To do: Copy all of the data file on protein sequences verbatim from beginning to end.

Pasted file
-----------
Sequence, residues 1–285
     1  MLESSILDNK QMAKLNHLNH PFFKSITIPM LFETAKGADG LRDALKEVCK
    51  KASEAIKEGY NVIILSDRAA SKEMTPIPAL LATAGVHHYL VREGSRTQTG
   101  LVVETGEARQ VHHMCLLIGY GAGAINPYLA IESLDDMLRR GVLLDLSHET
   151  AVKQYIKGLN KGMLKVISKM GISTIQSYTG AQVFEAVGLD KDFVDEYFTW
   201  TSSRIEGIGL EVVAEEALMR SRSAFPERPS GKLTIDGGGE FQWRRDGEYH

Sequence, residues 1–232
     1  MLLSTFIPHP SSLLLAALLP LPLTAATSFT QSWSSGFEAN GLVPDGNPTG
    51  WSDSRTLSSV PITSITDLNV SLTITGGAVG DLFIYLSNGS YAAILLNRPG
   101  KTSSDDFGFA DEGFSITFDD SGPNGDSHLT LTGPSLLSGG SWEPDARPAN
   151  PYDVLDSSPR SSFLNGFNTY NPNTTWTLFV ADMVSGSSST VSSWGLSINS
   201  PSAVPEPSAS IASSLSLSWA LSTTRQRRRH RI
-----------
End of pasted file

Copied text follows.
Sequence, residues 1–285
     1  MLESSILDNK QMAKLNHLNH PFFKSITIPM LFETAKGADG LRDALKEVCK
    51  KASEAIKEGY NVIILSDRAA SKEMTPIPAL LATAGVHHYL VREGSRTQTG
   101  LVVETGEARQ VHHMCLLIGY GAGAINPYLA IESLDDMLRR GVLLDLSHET
   151  AVKQYIKGLN KGMLKVISKM GISTIQSYTG AQVFEAVGLD KDFVDEYFTW
   201  TSSRIEGIGL EVVAEEALMR SRSAFPERPS GKLTIDGGGE FQWRRDGEYH

Sequence, residues 1–232
     1  MLLSTFIPHP SSLLLAALLP LPLTAATSFT QSWSSGFEAN GLVPDGNPTG
    51  WSDSRTLSSV PITSITDLNV SLTITGGAVG DLFIYLSNGS YAAILLNRPG
   101  KTSSDDFGFA DEGFSITFDD SGPNGDSHLT LTGPSLLSGG SWEPDARPAN
   151  PYDVLDSSPR SSFLNGFNTY NPNTTWTLFV ADMVSGSSST VSSWGLSINS
   201  PSAVPEPSAS IASSLSLSWA LSTTRQRRRH RI